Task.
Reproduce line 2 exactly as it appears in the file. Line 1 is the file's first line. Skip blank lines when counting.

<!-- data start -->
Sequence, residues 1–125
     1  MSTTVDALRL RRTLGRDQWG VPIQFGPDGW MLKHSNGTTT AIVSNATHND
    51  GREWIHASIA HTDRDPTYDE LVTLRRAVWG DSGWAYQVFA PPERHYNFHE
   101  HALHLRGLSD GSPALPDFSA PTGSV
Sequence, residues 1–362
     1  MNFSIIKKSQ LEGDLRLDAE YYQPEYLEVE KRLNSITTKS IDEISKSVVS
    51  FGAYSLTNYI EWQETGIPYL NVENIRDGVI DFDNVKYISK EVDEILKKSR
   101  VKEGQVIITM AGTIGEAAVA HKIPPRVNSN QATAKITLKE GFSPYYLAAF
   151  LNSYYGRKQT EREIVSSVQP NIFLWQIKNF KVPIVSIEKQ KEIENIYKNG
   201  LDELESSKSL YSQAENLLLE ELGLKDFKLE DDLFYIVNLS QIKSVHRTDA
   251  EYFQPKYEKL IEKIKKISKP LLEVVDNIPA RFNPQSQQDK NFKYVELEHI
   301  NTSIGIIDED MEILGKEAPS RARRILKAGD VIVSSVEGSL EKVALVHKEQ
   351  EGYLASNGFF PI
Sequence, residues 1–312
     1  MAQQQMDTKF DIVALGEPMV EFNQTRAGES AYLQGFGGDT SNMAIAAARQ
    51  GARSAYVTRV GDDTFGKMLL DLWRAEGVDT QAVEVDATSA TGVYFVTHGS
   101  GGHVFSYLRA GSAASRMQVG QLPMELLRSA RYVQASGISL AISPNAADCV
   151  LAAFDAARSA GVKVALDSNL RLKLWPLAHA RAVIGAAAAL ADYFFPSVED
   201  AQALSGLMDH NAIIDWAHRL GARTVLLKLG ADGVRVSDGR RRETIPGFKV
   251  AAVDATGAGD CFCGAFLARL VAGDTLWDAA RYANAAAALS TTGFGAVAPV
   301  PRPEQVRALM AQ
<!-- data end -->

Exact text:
     1  MSTTVDALRL RRTLGRDQWG VPIQFGPDGW MLKHSNGTTT AIVSNATHND